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THE GREAT AMBASSADOR HOTEL                                                           Historic Past . . . Hopeful Future

by Bonnie Carroll

 

On New Year’s Day 1921 the Schines family opened the Ambassador Hotel in Los Angeles. Three thousand people, including a bevy of exquisitely gowned women helped make it a very notable event. What had once been a barley field instantly became a Mecca for the rich and famous of the world. The 600 room hotel property with a collection of bungalos rivaled the best of the best, and turned Wilshire Boulevard into the 5th Avenue of the City of Angels.

 

From the onset the Myron Hunt designed hotel was considered 'the jewel in the Los Angeles crown', and became ‘the place to be’ for Hollywood royalty, and real royalty. It was a glamorous home-away-from-home for people like the Duke and Duchess of Windsor, Winston Churchill, Howard Hughes, Harold Lloyd, Doris Duke, Maurice Chevalier, Charles Chaplin, Charles Lindbergh, Mary Pickford, Clark Gable, Carole Lombard, Jim Garner, Robert Conrad, Robert Stack, Robert Wagner, Ronald Reagan and Angie Dickenson…to name a few thousand. The acting Barrymore family lived at the hotel during the filming of Rasputin.

 

Rudolph Free was the original chef for the hotel. He had cooked for many of the crowned heads of Europe and was presented a medal of honor by Empress Eugenie. Chef Free and his assistant chefs had worked in Paris, London and New York, and offered the finest cuisine and service to be experienced in California to the hotel guests. At the end of the era Marvin Slaughter was the hotel Executive Chef who provided the 80th birthday cake for the “Queen of the Screen” Gloria Swanson, who visited the hotel with husband Bill Duffy to celebrate with her dear friend Adela Rogers St. Johns, a hotel resident.

 

When the Cocoanut Grove opened on April 21, 1921. The Moroccan style, gold leaf and etched palm tree doors opened to a plush grand staircase (considered perfect for making entrances) that lead to private seating areas lined with cocoanut trees of paper mache that had been taken from the Oxnard beaches where they were used in the filming of “The Sheik” starring Rudolph Valentino. Stuffed monkeys with blinking eyes swung from the tree branches, and stars twinkled in the blue sky ceiling, where a full Hawaiian moon hung next to a painted landscape and splashing waterfall. This tropical illusion retreat became the most renowned night club in the world, where great bands, the best singers and dancers took the stage nightly to entertain guests. Actress and Singer Rosemary Clooney (George Clooney’s aunt) said “other night clubs were like copies of a night club in a movie. But, the Grove was the real thing.”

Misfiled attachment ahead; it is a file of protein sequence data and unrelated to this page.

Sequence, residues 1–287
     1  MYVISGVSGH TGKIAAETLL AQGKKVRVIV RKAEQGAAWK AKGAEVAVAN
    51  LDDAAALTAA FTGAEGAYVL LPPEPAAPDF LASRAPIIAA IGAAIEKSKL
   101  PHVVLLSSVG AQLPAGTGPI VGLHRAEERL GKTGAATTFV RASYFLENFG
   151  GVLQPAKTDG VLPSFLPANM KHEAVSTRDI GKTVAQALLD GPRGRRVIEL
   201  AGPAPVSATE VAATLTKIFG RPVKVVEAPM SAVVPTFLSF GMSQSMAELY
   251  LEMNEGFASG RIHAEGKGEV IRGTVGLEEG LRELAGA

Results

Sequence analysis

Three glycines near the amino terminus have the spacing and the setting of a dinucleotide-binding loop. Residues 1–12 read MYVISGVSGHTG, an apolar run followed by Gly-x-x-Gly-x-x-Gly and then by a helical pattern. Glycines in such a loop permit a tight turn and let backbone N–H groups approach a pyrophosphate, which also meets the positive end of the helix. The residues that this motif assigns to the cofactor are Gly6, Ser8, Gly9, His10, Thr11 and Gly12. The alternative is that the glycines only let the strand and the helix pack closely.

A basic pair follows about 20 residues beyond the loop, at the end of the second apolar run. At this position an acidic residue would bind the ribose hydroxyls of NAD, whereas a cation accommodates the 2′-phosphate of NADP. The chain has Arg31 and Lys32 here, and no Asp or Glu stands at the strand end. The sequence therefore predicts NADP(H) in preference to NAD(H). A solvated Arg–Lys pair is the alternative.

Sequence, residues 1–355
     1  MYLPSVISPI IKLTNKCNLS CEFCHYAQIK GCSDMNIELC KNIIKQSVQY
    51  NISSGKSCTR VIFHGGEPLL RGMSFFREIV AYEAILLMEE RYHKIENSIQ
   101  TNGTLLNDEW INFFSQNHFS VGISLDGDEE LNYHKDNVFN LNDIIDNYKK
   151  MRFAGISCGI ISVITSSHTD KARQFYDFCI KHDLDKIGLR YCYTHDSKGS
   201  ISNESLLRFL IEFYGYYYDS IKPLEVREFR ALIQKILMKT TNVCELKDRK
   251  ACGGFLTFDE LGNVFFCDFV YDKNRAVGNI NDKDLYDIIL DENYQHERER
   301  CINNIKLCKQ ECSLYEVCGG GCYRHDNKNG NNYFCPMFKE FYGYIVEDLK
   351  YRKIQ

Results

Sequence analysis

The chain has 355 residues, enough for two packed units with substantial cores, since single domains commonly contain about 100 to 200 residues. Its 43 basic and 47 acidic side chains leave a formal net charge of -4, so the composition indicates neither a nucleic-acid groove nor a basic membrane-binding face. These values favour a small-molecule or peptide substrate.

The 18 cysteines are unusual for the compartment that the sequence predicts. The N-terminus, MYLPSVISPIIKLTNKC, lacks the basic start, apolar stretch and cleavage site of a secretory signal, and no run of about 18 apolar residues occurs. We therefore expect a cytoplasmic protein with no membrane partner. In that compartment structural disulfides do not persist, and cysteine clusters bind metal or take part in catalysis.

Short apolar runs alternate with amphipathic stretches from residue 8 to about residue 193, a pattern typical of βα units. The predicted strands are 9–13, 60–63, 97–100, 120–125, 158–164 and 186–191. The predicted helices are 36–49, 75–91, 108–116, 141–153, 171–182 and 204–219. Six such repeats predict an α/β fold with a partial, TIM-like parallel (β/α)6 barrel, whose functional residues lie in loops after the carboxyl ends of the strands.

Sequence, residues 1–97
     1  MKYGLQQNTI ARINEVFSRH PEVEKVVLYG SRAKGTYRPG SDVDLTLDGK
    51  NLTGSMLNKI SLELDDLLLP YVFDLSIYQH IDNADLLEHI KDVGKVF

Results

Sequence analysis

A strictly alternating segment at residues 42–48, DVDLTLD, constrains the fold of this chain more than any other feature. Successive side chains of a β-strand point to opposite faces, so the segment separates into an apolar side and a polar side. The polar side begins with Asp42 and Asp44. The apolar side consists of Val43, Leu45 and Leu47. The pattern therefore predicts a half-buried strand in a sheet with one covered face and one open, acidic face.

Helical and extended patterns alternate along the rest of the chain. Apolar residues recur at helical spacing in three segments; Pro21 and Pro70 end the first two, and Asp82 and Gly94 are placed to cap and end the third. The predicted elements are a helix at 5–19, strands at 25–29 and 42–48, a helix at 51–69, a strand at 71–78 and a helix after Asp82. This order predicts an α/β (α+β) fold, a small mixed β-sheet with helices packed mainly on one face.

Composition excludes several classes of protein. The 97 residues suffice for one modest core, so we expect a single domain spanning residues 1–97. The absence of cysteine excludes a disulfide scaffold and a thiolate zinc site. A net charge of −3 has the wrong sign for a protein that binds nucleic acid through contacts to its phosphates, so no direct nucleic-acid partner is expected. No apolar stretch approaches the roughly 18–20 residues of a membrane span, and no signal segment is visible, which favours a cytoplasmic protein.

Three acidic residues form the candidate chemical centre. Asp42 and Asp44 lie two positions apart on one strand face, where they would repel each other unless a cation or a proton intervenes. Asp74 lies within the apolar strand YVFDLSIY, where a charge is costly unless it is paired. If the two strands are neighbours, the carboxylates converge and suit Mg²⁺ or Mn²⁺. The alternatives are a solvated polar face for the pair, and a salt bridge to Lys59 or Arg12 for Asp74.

From comedy team Martin & Lewis, singers Frank Sinatra to Bing Crosby and dancers Gene Kelly to Donald O’Connor, the stage was alive with outstanding talent. Academy award winning actress Joan Crawford won over a hundred dance competitions in the Cocoanut Grove. Merv Griffin was one of the young hopefuls who entertained at the Grove, and years later in the 90s, when he purchased the Beverly Hilton Hotel in Beverly Hills, he opened a small version of the night club and he would on occasion get up and sing with the band.

 

The first five Academy Awards were held at the hotel, and the ballroom would overflow with the Hollywood movers and shakers. This is where “Oscar” was born on April 3, 1930, and soon became the symbol that everyone in the industry would wish and work for. Mary Pickford, Norma Shearer, Greta Garbo, Gloria Swanson and Helen Hayes were some of the actresses vying for the golden boy in the 30s. In 1939 “Gone with the Wind” generated more excitement than Hollywood had ever seen. Hedda Hopper, the Hollywood scribe, wrote about the huge crowds lined up to get a glimpse of all the stars attending. Vivien Leigh and Olivia de Havilland were both Oscar winners that year. The hotel was also the home of the LA Press Club, where the print and radio press had a constant presence, beginning in 1947. Marilyn Monroe was the first “Miss Press Club”, and the Hollywood Foreign Press Association held its annual Golden Globe awards there.

 

On June 5, 1968 Presidential hopeful Robert F. Kennedy said ‘On to Chicago’ as he left the podium following a victory speech at the hotel, and headed out by way of the kitchen where Sirhan was waiting to assassinate him. Twenty-six hours later he died in Good Samaritan Hospital. In the years that followed, the lights began to dim, and in 1989 the once grand Ambassador Hotel officially closed its doors.

 

The use of the property was disputed for years, and The Los Angeles Conservancy and other preservation advocates finally lost a battle with the Los Angeles Unified School District to save the Myron Hunt landmark. But, following a five million dollar renovation and tear down the LAUSD opened the Robert F. Kennedy School Complex; a school for kindergarten through grade 12. The 23 acre complex contains six learning centers, underground garages, a swimming pool, state-of-the-art auditorium, soccer fields, public art pieces and a marble mural of Robert F. Kennedy.

 

Perhaps this former hub of amazing creative talent will provide an atmosphere where children can celebrate the joy of learning and synergize with the spirit of the past to create the history of the future.  I thank Margaret Tante Burk, the former Public Relations Director of the hotel, and author of “Are the Stars Out Tonight? The story of the famous Ambassador and Cocoanut Grove “Hollywood’s Hotel” for providing wonderful facts for this story. Margaret was such a talented woman, and I feel lucky to have met her and to have spent time in this grand historic hotel with her.      

 


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© 2008 Bonnie Carroll, All Rights Reserved